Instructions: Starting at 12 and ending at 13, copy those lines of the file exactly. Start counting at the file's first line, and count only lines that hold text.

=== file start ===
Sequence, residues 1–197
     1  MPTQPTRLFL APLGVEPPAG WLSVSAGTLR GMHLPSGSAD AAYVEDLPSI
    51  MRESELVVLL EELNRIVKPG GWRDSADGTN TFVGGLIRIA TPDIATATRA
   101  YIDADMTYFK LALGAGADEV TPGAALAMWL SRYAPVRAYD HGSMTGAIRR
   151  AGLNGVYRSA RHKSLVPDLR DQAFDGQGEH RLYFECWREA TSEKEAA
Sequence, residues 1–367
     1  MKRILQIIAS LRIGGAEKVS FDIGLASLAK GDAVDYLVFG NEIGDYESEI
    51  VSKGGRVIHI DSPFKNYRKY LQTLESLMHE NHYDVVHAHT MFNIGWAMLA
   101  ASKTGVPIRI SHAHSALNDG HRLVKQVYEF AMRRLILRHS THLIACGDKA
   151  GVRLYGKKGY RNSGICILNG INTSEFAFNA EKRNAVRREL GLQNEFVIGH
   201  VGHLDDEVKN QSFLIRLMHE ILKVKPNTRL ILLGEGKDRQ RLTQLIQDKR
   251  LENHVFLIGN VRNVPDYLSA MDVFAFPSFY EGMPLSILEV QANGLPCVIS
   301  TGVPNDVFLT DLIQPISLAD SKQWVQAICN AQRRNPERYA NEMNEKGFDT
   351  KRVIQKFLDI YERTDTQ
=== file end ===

   251  LENHVFLIGN VRNVPDYLSA MDVFAFPSFY EGMPLSILEV QANGLPCVIS
   301  TGVPNDVFLT DLIQPISLAD SKQWVQAICN AQRRNPERYA NEMNEKGFDT